The military teaches all service members a variety of valuable skills, even if veterans don't know how to articulate them. While some aren't obvious, there is at least one that's proving to be a valuable resource: expertise in fitness. Whether it was basic training or an advanced special operations forces course, the military pushes every individual to achieve higher than average levels of physical fitness. While not all veterans keep up the pace once settled into civilian life, they all remember the training and what it takes to cut the fat and build muscle.
This expertise has not gone unnoticed. Companies know just how valuable former service members can be as fitness instructors. According to the New York Post, Gold's Gym partnered with the Veterans Fitness Career College two years ago to assist veterans looking for jobs in the fitness industry. One of the top 100 military-friendly employers, 24 Hour Fitness publically lauds veterans for their ability to motivate and hires them whenever they can. Veterans also have access to the Salute You Scholarship, a program started by the American Council on Exercise which provides 1,000 veterans each year free materials, tutoring, and registration to become a certified personal trainer through the organization.
Even local gyms see what veterans bring to their establishments. "I'm huge on bringing veterans to our business," says Josh York, founder of GymGuyz, a company in Long Island that offers a $5,000 franchise fee discount to veterans. "Our company values center around determination, respect, integrity and the will to win, and I've found that all the veterans I've met have these qualities."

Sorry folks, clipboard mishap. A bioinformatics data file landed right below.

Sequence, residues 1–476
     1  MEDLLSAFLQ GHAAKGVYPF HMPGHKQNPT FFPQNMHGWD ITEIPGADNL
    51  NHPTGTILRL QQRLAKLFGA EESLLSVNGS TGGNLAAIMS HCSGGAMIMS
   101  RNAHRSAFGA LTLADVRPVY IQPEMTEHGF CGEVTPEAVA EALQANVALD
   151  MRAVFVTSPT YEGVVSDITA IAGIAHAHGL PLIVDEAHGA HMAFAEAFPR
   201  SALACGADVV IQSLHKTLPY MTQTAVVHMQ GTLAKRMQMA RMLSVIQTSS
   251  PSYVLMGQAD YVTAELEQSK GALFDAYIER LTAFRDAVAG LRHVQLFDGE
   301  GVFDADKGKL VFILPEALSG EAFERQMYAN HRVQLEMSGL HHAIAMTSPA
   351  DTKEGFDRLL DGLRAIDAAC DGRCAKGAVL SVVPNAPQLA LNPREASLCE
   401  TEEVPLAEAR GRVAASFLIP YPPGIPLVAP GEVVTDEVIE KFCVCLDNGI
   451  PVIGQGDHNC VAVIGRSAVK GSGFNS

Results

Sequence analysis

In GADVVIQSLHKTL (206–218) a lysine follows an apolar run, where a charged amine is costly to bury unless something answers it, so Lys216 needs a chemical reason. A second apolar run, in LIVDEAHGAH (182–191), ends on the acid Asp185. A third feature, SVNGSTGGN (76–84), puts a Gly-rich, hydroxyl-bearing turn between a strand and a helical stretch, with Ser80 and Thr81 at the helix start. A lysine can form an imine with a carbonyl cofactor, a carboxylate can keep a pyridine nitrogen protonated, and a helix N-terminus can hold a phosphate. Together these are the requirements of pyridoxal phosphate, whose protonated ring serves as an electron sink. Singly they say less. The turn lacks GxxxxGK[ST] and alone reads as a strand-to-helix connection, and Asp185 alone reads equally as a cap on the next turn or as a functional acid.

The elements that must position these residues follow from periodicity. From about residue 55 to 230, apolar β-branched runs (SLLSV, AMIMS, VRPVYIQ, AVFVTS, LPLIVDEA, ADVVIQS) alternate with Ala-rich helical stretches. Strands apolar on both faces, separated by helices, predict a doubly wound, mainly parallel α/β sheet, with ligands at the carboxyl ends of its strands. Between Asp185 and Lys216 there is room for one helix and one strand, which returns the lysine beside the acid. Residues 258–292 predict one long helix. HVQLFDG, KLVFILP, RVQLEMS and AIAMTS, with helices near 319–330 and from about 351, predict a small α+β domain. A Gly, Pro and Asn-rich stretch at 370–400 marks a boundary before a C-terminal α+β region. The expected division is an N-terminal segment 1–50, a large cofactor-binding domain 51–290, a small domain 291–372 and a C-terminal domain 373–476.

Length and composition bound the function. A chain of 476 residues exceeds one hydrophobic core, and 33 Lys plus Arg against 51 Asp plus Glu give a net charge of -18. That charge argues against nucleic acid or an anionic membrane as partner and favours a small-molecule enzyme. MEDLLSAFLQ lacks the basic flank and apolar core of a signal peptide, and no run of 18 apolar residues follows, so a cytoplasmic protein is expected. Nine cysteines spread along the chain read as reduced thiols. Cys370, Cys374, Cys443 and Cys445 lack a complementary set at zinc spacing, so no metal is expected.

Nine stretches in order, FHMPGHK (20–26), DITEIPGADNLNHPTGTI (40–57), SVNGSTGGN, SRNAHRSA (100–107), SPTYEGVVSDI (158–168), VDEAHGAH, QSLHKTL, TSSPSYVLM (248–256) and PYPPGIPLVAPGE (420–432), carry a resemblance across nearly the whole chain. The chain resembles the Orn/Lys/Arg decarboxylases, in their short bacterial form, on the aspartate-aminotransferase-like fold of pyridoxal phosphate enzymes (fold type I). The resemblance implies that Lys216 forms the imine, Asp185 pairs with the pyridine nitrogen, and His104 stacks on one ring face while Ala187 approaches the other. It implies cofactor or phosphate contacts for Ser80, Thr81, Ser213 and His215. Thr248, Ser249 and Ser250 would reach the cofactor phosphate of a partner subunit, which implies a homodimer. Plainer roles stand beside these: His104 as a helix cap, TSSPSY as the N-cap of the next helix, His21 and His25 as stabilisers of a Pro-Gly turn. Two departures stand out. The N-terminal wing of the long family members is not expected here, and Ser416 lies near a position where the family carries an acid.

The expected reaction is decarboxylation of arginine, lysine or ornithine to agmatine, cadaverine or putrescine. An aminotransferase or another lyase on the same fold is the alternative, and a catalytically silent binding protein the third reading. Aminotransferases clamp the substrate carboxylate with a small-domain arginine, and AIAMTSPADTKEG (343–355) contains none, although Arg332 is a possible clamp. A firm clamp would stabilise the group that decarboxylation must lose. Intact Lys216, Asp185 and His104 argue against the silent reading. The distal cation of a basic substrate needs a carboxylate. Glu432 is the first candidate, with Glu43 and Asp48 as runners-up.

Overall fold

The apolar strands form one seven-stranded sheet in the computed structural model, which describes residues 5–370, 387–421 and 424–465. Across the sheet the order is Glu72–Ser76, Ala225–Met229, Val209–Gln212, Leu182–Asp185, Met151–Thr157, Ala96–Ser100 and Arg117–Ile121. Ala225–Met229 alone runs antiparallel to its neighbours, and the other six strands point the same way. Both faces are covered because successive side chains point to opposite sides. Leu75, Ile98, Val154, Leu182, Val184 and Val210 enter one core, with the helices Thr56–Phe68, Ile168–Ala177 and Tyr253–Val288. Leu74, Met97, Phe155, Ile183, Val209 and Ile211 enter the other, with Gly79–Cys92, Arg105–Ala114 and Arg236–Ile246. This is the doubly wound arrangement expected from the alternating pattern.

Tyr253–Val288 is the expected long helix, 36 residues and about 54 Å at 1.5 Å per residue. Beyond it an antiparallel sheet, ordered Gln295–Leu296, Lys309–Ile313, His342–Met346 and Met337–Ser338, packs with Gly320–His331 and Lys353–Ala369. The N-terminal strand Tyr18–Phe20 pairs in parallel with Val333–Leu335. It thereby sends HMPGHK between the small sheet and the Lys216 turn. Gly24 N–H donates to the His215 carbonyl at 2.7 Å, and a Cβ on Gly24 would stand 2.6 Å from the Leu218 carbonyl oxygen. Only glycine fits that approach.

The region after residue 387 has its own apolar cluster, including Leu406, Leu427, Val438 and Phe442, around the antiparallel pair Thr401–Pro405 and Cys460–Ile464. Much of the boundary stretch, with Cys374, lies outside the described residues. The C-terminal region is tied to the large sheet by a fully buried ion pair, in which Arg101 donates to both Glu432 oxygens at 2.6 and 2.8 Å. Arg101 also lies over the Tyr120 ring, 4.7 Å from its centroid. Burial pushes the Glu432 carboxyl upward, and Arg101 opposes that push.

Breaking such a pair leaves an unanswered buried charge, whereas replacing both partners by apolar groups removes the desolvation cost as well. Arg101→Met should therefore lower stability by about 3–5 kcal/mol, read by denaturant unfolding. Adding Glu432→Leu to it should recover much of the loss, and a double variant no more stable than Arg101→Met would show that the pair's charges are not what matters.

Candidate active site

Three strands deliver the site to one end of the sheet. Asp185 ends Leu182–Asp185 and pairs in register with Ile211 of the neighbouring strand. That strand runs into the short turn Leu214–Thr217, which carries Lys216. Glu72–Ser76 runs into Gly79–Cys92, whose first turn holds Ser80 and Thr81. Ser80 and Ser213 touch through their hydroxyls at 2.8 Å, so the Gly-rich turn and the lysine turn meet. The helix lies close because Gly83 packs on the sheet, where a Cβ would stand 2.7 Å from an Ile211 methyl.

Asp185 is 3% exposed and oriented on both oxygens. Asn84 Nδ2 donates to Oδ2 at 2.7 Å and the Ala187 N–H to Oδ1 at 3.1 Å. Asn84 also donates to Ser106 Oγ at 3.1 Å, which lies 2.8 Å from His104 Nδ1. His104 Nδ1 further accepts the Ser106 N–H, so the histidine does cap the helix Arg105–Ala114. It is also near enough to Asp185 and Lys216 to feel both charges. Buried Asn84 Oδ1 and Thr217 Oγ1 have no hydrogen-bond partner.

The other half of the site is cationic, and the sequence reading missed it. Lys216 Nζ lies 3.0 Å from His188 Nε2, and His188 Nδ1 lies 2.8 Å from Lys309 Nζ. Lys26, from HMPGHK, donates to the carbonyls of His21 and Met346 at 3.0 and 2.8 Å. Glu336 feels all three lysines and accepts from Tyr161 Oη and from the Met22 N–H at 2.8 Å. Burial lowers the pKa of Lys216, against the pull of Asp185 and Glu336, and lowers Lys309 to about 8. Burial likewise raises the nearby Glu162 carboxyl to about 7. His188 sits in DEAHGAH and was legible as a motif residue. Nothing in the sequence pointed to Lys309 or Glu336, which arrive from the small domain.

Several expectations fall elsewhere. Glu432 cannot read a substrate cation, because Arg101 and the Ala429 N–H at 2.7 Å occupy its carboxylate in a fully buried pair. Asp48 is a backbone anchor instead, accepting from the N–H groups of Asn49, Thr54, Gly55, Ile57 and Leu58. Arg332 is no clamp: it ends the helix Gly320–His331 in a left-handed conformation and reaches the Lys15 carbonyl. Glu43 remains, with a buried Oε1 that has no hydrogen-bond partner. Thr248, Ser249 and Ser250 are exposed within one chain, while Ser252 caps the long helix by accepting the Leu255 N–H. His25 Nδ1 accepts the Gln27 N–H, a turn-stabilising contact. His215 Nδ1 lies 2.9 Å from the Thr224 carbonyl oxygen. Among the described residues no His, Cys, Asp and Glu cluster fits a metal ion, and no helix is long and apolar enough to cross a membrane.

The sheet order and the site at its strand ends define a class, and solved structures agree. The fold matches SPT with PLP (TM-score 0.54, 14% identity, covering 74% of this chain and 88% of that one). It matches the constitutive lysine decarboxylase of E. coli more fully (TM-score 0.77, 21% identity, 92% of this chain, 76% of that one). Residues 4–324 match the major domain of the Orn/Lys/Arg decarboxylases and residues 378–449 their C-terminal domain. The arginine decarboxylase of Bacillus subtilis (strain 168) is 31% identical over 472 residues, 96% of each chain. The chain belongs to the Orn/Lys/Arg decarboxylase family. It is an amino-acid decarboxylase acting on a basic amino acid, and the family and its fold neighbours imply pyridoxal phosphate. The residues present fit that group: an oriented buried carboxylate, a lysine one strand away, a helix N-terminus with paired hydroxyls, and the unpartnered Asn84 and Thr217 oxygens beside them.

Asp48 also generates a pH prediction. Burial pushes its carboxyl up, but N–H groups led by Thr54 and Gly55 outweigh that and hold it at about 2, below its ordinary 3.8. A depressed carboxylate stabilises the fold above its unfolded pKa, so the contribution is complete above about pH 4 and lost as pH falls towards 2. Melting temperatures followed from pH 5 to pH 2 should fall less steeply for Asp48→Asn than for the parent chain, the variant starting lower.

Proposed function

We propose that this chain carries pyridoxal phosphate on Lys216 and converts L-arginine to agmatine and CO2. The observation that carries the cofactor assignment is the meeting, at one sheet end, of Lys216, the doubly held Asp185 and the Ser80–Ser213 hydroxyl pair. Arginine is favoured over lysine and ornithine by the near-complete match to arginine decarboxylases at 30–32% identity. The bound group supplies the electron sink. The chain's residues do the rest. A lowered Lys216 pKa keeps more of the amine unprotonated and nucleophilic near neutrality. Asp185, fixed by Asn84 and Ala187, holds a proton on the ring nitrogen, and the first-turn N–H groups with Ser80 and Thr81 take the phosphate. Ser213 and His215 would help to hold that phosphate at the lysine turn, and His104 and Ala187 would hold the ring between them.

Veterans themselves are also discovering the value of their military training. Some have opted out of navigating the fitness industries giants and have taken an entrepreneurial stand. Ryan Alt is former Marine and works for Tough Mudder, a company that hosts obstacle course events all over the U.S.
"I wanted to be outdoors and travel like I'd been doing in the military, so I began to seek out private-sector jobs that combined those two things," explains Alt. "Six people in the Tough Mudder company do this job, and three are military veterans, which I don't think is a coincidence.
This job is a mirror image of the one I held in the Marine Corps. Back then, I was given 40 Marines and told to train them, thinking of a training schedule and training plan and building a course that would teach them to clear buildings. At Tough Mudder, I'm given a team, a timeline, and told to create a course for 10,000 participants."
Katherine Vargas, a member of the Army Reserves working in Hamilton NY, was one of the first recipients of the Sale You Scholarship from ACE. "Before the military I ran and stayed in shape, but I never thought of fitness as a passion," said Vargas. "That all changed in the military. Fitness is so essential, and through my time in the military I really fell in love with working out."
If you're a veteran struggling to find work but are not afraid to throw down in a gym, there may be hidden career opportunities right down the street. Check your local gyms, think about ways to get certified as a personal trainer, and start connecting with the fitness community to see how your skills can be put to good use.